There’s not much point in saying more: I wasted enough time watching this, and don’t feel you should have to waste time too, as I struggle toward the usual word count. Just know that this one is for Khan and Oshima completists only, and even they will find little here worthy of their attention. There’s certainly absolutely nothing super about it.

Dir: Chiang-Bang Mao
Star: Chia-Hui Liu, Ka-Kui Ho, Cynthia Khan, Yukari Ôshima
a.k.a. Huo tou da jiang jun

Angel Terminators 2

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“Angels of death”

angelterm2I have not seen Angel Terminators, so cannot comment on its merits or flaws. However, it does not appear that this impacted my thorough enjoyment of this slice of early 90’s Hong Kong goodness, and nor did the mangled subs which leave me a little vague on some details. The two heroines are Chitty (Lee) and Bullet (Oshima), who are… Cousins? Sisters? Not sure. Bullet has just got out of prison, having turned to delinquency after blaming her policeman father for the death of her mother. He and his partner (Hu) – who adds to the confusion because everyone calls her Big Auntie – try to achieve a reconciliation, but Bullet is unimpressed. She goes to her former gang boss for money, having taken the fall and gone to jail for him, but he just wants Chitty to become a hostess. The fight than ensues, kicks off a chain of events which leads to Bullet stealing some jewels belonging to the boss, who unleashes the accurately-named Brother Mad (Wong).

Will there be mayhem? Yes. Will there by fisticuffs and much gunplay? Yes. Will there be people strung up from lamp-posts like some kind of novelty Chinese lanterns? I’m not saying: I’ll let the film retain some element of surprise. But for all its broad strokes of characterization, it manages to deliver a relatively-even tone, without any of the slapstick and comic interludes which sometimes plague other entries. Indeed, it does become progressively darker, with a kidnapping forcing action that then goes horribly wrong, setting up even further death and violence. This is all accompanied by high-quality action, right from the get-go, starting with Hu leading an assault on criminals holed up in a restaurant, before quickly bringing you a battle between Lee and the leaders of another training squads in a gym, then escalating from there through to a bloody finale.

It’s easy to become somewhat jaded, particularly when you’re watching films because of their genre, without applying any quality control. But then you find a movie like like this, which looks like just another generic action heroine flick, yet instead delivers everything you could want from low-budget action, easily making up for in energy what it may lack in polish. With Lee, Oshima and Hu, you have a hand of three aces, and the film is only a couple of Khans (Cynthia and Michelle, a.k.a. Michelle Yeoh) from having the best cast ever in a HK action heroine film. Unlike some (hello, Avenging Quartet), it lives up to that.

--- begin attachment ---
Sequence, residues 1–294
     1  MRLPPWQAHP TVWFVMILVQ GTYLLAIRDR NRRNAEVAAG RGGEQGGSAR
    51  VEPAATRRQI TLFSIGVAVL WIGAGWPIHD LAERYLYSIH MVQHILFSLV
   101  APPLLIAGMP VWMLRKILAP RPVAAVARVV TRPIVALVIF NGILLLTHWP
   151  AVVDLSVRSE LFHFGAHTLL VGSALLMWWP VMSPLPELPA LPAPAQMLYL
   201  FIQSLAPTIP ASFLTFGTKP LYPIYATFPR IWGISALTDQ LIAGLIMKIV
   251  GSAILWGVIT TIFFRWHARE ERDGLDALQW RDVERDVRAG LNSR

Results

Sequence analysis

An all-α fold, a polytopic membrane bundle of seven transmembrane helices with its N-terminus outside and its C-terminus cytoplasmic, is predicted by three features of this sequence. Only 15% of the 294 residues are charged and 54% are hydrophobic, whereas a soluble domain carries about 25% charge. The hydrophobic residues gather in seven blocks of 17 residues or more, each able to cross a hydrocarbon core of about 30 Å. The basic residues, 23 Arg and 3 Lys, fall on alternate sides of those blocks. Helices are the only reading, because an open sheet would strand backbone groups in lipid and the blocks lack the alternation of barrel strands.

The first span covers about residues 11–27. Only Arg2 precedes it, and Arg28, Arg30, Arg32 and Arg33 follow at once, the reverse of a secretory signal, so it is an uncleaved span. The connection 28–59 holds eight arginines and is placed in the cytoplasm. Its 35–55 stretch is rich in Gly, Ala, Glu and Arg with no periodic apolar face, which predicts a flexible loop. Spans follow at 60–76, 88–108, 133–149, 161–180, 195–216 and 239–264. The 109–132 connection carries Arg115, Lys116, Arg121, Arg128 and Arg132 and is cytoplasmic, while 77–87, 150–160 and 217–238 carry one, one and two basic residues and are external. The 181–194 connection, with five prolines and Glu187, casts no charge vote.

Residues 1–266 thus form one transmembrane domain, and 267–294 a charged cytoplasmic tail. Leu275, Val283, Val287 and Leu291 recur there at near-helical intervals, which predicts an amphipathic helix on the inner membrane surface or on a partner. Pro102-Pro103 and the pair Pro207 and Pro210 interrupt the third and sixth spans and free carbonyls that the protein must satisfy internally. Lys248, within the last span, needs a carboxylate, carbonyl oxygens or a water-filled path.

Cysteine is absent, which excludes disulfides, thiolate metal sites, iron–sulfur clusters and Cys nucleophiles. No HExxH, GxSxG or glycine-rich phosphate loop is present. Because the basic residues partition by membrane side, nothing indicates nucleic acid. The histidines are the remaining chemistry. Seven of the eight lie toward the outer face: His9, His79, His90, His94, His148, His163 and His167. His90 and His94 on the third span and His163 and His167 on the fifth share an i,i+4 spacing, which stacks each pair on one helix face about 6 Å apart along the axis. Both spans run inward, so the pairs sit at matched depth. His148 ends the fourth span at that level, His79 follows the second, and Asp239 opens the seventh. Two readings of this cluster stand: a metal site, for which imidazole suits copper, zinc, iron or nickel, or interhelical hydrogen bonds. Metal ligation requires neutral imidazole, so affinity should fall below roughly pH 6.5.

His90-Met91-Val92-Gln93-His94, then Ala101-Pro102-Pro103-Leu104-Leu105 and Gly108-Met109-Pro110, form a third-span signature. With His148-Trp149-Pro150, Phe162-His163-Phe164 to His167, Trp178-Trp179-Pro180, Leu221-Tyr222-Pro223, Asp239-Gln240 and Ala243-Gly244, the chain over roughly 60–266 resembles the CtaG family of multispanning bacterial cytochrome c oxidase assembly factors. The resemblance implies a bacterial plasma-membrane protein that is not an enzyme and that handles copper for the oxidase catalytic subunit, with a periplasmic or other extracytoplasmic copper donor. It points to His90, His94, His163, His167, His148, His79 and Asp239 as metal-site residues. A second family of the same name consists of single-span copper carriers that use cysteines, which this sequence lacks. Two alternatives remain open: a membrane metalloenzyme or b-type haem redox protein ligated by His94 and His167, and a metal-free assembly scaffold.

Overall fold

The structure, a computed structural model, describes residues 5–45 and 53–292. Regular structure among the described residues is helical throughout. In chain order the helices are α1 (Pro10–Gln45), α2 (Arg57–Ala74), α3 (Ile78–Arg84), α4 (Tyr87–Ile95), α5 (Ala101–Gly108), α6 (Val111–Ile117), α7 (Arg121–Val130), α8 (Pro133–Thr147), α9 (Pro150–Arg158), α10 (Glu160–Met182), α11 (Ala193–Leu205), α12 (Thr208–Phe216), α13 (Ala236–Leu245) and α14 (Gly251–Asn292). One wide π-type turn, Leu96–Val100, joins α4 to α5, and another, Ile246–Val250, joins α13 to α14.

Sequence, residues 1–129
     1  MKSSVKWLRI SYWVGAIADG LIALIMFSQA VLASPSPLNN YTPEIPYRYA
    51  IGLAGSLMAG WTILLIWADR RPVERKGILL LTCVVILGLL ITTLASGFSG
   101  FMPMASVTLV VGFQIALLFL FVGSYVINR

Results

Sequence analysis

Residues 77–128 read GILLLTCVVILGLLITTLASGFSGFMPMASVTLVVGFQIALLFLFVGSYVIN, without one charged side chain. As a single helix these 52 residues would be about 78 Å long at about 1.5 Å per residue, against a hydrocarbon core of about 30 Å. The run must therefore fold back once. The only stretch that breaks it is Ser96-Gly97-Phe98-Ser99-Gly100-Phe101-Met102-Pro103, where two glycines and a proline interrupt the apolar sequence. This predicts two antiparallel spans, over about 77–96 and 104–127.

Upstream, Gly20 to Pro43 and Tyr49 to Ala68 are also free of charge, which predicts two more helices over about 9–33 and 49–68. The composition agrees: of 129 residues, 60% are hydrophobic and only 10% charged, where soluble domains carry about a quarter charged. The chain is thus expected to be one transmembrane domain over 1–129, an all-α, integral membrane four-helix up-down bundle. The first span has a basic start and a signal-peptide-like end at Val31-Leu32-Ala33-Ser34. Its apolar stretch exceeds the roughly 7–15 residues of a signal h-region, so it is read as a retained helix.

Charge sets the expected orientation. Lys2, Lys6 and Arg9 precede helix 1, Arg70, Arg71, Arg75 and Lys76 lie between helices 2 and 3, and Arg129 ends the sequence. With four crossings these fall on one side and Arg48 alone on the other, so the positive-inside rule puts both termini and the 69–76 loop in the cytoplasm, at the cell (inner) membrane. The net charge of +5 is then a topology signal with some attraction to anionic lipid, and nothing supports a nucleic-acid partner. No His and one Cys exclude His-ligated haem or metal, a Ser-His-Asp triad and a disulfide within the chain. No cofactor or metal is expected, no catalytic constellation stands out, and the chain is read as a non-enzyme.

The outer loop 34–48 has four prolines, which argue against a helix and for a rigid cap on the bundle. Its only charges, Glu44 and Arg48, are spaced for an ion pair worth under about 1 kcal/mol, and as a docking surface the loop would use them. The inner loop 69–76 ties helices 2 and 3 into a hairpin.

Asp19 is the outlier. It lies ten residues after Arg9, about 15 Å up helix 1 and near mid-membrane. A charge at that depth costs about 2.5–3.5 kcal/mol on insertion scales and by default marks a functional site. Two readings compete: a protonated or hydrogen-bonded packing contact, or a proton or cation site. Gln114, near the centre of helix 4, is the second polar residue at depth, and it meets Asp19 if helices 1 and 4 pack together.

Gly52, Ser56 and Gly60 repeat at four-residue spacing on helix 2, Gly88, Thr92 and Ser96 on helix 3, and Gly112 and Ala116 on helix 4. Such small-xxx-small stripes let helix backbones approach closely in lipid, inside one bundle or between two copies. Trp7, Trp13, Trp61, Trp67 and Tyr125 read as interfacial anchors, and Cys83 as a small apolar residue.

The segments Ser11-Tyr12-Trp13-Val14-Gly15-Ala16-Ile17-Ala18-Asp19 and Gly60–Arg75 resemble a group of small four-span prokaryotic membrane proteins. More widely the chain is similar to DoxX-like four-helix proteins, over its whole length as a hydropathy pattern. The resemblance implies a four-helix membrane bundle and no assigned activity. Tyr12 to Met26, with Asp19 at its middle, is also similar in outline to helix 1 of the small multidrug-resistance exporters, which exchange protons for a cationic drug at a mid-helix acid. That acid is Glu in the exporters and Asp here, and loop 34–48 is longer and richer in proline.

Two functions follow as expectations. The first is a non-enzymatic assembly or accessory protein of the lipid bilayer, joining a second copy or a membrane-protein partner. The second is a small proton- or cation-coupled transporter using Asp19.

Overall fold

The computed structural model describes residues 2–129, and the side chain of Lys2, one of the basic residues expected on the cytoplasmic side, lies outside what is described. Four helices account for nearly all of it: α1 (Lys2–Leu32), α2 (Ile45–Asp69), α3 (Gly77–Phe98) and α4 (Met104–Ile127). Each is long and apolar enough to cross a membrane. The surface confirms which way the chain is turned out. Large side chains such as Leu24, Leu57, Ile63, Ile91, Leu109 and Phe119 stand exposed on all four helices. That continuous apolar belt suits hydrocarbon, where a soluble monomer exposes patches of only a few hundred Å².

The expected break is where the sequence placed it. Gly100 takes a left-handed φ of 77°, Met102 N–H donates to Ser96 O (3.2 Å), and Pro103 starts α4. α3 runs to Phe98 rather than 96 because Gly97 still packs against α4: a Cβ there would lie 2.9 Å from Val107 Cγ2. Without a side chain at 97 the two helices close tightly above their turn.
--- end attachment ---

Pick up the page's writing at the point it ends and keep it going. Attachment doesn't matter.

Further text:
Dir: Lau Chan + Chin-Ku Lu
Star: Moon Lee, Yukari Oshima, Chi Yeung Wong, Sibelle Hu

Kickboxer’s Tears

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“Tears are not enough.”

kickboxersA truly crappy plot here, used to link fight scenes that range from the boring – that would be the actual kickboxing, which greatly outstays its welcome – to the impressive. Li Feng (Lee) is visiting her kickboxer brother in Hong Kong, when he is killed by a cheating opponent, after refusing to take a dive on the orders of Mr Wong (Lung). The death also throws into jeopardy the family training gym/healthcare establishemnt [a crossover at which no-one blinks an eye], which was already financially shaky. To both get revenge, and earn enough money to stabilize things, Li goes to Wong, and demands an underground rematch against his fighter. When that happens, but leaves her opponent permanently paralyzed, Mrs. Wong (Yukari Oshima), who is the victim’s brother, as well as the promoter’s wife, demands a winner-take-all match to the death. And she kidnaps Li’s semi-boyfriend (Lam) to make sure Li  turns up for the contest.

This 1992 Hong Kong film has the same jarring shifts in tone present in many of that time and place. Given the sombre nature of the core situation, there really shouldn’t be any room for slapstick humor – yet there are at least two comic relief characters too many here, and I found myself cringing in just about every one of their scenes. The early action is more than a bit ropey too: while it may be ‘authentic’ kick-boxing, it’s pretty dull to watch, and it’s only when the film moves outside the ring that things become interesting, especially when Lee gets going. She has one great street-fight against a group of thugs, another in a restaurant when she’s proving her worth to Wong as an opponent, and of course, the all too brief duel which pits her – literally, since they’re in a pit – against Oshima. All three are a great combination of inventiveness and hard-nosed action, also showcasing Lee’s great flexibility [there’s also an eye-popping training scene, where her character casually does what is best described as the vertical splits].